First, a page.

• Always disconnect the spark plug wire and place the wire where it cannot contact the spark plug to prevent accidental starting when setting up, transporting, adjusting or making repairs to the generator.

Portable Generator Frequently Asked Questions

What is the difference between rated watts and maximum (surge) watts?

Rated watts describe the amount of power the portable generator can produce continuously. Maximum wattage is the power that the generator can produce for short periods of time. The power a motor needs when starting up is a good example of maximum wattage requirements.

Can I use a portable generator for backup during a power outage?

Yes. You can plug household appliances and devices into a portable generator, but not all simultaneously.

Never plug your generator into an outlet in your home or business. If you would like to connect a portable generator to your home's wiring system, have a certified electrician install an approved manual power transfer switch in compliance with electrical codes.

What is a transfer switch?

A transfer switch allows you to connect a portable generator to your home's electrical system, while safely disconnecting you from the utility grid. This will eliminate any chance of a dangerous back-feed.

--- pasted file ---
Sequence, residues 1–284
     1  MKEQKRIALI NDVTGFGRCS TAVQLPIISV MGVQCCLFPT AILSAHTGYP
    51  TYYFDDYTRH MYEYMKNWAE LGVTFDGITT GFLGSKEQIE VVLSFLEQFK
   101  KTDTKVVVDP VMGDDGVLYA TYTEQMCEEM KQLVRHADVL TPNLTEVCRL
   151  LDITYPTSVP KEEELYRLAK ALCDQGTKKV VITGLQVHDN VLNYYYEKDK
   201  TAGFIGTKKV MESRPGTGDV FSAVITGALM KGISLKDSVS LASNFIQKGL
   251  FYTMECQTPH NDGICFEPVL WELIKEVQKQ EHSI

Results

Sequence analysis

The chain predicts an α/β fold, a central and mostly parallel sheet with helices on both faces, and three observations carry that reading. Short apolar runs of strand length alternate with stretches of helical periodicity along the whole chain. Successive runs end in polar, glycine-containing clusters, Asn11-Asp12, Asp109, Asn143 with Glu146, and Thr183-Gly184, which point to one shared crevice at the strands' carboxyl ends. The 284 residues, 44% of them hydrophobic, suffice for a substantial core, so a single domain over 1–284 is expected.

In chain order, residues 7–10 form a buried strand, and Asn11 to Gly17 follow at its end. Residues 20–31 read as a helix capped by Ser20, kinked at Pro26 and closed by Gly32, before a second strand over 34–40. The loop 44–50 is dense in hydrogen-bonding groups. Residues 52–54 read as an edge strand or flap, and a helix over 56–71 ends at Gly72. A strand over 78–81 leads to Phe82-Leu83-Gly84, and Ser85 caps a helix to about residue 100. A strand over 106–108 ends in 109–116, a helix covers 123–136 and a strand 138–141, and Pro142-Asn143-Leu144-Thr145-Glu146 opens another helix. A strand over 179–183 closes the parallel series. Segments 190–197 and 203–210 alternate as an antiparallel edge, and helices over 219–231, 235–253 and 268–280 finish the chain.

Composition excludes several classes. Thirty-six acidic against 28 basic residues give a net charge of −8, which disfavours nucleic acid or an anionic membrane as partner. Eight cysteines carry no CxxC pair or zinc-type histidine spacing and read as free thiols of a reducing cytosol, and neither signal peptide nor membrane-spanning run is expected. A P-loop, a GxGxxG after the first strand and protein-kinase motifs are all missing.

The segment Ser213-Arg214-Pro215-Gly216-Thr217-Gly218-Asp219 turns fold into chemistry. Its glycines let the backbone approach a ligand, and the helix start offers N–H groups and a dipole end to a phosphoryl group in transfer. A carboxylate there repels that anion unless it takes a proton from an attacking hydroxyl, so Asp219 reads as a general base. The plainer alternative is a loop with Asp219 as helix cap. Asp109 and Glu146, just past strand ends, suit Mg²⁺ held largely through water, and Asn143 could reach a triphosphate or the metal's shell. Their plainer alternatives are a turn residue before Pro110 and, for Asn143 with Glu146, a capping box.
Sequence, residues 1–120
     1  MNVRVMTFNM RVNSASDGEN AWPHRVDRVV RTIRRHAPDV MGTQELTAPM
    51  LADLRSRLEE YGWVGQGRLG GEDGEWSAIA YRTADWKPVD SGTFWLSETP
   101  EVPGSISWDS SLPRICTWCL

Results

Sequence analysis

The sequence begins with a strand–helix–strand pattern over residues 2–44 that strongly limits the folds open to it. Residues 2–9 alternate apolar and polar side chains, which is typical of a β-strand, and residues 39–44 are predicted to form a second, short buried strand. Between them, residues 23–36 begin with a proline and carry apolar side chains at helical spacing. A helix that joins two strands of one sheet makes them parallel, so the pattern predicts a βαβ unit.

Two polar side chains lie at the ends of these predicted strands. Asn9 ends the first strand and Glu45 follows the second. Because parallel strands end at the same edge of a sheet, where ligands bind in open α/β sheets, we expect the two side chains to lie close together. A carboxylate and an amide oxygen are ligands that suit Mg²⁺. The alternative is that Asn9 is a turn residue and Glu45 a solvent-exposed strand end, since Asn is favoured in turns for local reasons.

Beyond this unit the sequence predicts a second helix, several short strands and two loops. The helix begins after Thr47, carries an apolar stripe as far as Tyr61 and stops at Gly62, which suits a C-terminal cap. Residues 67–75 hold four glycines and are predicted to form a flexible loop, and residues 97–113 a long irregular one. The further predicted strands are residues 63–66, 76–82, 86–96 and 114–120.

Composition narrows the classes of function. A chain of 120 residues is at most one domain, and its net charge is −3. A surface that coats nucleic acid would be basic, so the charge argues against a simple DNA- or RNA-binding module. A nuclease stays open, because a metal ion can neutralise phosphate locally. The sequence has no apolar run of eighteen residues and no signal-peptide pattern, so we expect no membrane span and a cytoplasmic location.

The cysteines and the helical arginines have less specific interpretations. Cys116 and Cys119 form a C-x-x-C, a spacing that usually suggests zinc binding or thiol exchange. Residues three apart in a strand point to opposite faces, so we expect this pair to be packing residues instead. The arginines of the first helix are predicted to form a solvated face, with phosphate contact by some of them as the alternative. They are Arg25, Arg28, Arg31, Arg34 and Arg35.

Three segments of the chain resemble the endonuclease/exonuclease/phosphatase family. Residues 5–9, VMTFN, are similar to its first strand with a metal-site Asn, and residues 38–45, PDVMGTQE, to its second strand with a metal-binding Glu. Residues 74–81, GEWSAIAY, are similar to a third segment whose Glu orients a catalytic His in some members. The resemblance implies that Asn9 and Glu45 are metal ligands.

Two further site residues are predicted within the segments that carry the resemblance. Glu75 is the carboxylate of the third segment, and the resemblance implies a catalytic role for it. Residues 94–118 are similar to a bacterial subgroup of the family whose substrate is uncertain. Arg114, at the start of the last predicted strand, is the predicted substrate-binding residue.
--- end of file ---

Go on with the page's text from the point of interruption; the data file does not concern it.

What is a back-feed?

A back-feed occurs when a generator is plugged into an electrical outlet, feeding power back onto utility lines. This creates a life-threatening hazard for any utility employees working to restore power to these lines.

Does the portable generator need to be grounded?

Yes. For safety, the generator must be properly grounded. If the generator is not grounded, you risk electrocution. Check and adhere to all applicable federal, state and local regulations relating to grounding.

Can I vent the exhaust out of an enclosed area?

No. Never run the generator in the home or an enclosed area. Portable generators are designed to run outside where there is plenty of ventilation. Generator exhaust, like that of all gasoline engines, contains poisonous carbon monoxide. For more information, refer to Portable Generator Safety Tips above.

Can I use the generator during inclement weather?

You can use a generator during a wide variety of weather and temperatures, but you should protect it from the elements when it is not in use to prevent shorting and rusting. Never run a generator indoors.

How often should I perform routine maintenance?

Check your owner's manual for the recommended maintenance schedule.

Where can I purchase parts?

You can purchase parts through any authorized dealer. Refer to the dealer locator section on the manufacturer's web site to find a dealer near you.

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Good to Know

A fuel stabilizer can prevent gum, varnish, rust and corrosion from forming in a portable generator engine and can keep gasoline fresh for more dependable starts. See the generator manual for instructions on using fuel additives.